Motherhood

Lets be Includers

We’ve all heard it: “Hell hath no fury like a woman scorned.” Well….William Congreve likely didn’t have kids when he wrote that because a woman has got nothing on a Mother. You want to talk about fury….I double dog dare your kid to push my kid at the playground.

Be an Includer

I have dealt with anger issues for most of my life….I just didn’t know it until I met my now husband. Long story short….I was angry. I was angry at my past. My parents. My siblings. The town I grew up in. The kids I grew up next to. Myself. The world. God. After years of therapy….forgiveness….growth and love….anger was no longer something that held me captive. Sometimes I still feel angry of course but I am able to easily combat that anger with joy. Peace. Love. Hope. I am happy. For all the right reasons. I know how good I’ve got it and I really do….I’ve got it good. You would have a hard time making me angry….or offending me because there is little that can bring me down without some serious self reflection, understanding and empathy. That is….until a week ago. When someone was mean to my kid. I’m not talking like didn’t share their toys mean. Lucy got mean girl…ed.

Let me start off by saying that I know my Lucy is not perfect. She is a wild little lady with all sorts of opinions. Every day…every transgression is a teaching moment….we teach kindness….we teach gentle hands….we teach inclusion….compassion….love….forgiveness…acceptance. I work hard at all of this every day. There are days that get the best of me….and unfortunately…..there are days that get the worst of me. I’m not perfect. I have bad days…..just like my almost 3 year old. BUT I assure you….my Lucy is also kind….and funny….and playful….and social. She….in its purest form….is a child. An innocent child. A child that I will fiercely protect for as long as I live.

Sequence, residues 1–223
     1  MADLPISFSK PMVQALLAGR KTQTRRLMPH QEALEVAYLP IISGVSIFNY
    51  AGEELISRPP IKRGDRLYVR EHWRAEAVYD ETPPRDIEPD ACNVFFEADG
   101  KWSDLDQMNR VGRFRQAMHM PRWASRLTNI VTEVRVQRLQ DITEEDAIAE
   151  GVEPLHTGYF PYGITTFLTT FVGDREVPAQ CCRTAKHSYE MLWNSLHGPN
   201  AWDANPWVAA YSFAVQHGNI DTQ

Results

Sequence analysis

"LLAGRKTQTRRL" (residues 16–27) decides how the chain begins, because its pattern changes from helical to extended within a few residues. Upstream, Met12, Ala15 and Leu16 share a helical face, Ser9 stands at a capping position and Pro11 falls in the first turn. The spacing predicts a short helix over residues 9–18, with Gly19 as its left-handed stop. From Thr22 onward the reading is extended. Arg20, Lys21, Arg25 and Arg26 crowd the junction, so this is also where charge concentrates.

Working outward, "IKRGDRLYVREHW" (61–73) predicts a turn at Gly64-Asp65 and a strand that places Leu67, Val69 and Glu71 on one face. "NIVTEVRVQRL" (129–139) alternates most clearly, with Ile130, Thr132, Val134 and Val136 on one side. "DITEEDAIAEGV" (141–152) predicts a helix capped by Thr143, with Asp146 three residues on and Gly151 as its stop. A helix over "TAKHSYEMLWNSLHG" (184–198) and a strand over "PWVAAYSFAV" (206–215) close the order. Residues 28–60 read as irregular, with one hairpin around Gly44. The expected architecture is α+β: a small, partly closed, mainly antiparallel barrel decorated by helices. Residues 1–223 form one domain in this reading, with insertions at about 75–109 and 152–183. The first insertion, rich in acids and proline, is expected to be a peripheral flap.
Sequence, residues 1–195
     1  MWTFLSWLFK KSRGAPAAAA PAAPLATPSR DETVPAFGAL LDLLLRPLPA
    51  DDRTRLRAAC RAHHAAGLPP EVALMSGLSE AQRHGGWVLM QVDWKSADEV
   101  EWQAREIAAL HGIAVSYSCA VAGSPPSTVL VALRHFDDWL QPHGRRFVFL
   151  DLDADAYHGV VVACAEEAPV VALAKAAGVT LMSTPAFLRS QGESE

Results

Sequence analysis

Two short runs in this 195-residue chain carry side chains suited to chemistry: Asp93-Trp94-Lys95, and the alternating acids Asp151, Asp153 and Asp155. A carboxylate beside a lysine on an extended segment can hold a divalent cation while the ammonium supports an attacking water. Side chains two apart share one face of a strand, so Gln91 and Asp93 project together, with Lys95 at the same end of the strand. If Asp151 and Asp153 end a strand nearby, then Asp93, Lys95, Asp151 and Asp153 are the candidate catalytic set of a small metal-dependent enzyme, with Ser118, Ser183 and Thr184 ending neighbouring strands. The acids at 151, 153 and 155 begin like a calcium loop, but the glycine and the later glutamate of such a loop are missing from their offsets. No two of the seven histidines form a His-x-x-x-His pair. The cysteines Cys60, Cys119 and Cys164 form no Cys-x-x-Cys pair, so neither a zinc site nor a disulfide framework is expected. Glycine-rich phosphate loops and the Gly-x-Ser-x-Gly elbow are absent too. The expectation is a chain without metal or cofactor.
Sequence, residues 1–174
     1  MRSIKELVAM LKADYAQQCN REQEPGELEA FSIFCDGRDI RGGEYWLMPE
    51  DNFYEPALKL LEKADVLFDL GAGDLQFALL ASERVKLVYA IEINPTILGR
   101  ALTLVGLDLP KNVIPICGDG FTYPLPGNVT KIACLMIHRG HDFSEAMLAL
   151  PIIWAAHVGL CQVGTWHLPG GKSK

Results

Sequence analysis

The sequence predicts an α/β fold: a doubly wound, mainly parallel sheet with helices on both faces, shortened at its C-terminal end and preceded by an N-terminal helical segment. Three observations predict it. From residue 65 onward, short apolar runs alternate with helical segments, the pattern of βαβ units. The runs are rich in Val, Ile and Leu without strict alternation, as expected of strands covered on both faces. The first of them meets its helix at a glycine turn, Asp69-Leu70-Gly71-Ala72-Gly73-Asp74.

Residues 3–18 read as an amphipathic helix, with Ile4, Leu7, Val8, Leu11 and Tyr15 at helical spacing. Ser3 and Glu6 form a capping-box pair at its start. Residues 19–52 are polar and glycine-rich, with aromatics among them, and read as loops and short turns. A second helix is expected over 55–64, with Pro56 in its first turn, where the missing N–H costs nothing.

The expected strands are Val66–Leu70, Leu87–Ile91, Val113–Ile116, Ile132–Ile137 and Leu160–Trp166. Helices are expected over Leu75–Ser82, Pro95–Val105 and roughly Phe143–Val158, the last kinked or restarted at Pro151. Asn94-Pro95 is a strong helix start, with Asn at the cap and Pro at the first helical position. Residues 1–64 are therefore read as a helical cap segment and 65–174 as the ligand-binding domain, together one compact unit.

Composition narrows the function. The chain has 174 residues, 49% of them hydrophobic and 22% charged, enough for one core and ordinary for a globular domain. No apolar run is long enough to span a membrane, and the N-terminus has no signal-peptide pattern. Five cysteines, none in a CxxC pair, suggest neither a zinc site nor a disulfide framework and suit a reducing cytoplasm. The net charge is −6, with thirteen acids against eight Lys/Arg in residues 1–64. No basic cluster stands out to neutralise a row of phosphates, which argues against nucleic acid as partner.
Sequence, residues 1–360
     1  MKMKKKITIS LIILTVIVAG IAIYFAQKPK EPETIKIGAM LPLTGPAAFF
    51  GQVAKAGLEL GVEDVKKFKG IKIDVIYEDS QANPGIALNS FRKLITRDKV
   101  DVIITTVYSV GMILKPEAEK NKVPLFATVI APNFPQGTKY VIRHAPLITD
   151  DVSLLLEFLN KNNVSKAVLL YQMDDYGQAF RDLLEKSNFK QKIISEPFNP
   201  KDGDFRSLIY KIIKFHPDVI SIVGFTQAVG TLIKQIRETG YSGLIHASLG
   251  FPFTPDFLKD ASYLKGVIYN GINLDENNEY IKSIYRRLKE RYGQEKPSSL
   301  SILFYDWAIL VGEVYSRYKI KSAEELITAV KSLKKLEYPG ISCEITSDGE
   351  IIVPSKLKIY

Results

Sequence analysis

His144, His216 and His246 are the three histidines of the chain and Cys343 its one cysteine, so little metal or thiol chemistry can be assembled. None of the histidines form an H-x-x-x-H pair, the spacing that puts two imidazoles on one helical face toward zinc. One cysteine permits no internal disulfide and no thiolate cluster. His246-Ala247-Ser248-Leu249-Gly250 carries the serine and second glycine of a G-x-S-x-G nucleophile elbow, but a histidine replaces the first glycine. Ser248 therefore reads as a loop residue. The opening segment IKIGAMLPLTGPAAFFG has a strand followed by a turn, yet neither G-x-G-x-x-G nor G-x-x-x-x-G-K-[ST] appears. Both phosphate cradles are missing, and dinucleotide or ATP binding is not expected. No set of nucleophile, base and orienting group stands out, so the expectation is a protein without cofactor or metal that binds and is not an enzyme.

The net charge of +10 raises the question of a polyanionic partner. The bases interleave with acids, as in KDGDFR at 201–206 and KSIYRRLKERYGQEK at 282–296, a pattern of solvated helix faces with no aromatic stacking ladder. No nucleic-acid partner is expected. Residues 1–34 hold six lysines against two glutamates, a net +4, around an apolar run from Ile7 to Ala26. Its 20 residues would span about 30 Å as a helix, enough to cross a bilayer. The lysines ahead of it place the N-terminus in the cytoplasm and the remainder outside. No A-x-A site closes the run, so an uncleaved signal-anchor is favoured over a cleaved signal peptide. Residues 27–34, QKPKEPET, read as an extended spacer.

You may see where this is going. Last week, I dropped Lucy off at “Kids Camp” at the gym where her and her brother spend an hour or two twice a week while I work off this mom bod. She ran in with excitement….hugging her teachers….her girlfriends and promising to take care of her little brother. There is nothing quite as wonderful as finding somewhere your kids feel safe, loved and heard at while you can work on a little #selflove. Am I right? I returned to her classroom an hour or so later to find Eli eating (per usual) and Lucy….in the corner of the room….playing by herself while her girlfriends (girlfriends we know well….friends, neighbors, etc.) were playing on the other side of the room….laughing, dancing, pretending. My heart fell to my stomach. This is so unlike Lucy. We saw each other and she ran to me with excitement….not a care in the world. She asked how my class went and if I had taken a shower (she doesn’t like sweaty mom) and I asked her how “Kids Camp” was. She said it was “wonderful” (her words not mine) and that Eli had a hard time going to sleep but that pita bread made him happy. As we packed up her snacks, I asked her why she was playing by herself when I got there to which she replied “oh, my friends wouldn’t let me play with them. They called me a baby. Then they told me to go away.” She didn’t even blink an eye. She was fine. I however felt rage. Hot blooded rage. Rage traveled through my veins and I could feel my face turn red. “You’re a baby?” I asked. “Who said that?”

So, Lucy is almost 3. She will be 3 on May 11th and she talks….A LOT. She uses words that I didn’t use until I was in my late 20’s….trying to impress a guy I met at a bar with a masters degree. Lucy has expressed frustration when kids her age aren’t able to communicate with her or talk with her as much as she might like so she sometimes gravitates towards kids who are a year or 2 older. The friends at Kids Camp fall into this example. They are 4 and almost 5. These kids join us quite often for neighborhood activities and events and are generally good kids. Sweet kids. So, I was surprised. Then, one of the girls ran over to us and said “It was me that called her a baby. She is a baby and we didn’t want to play with her.”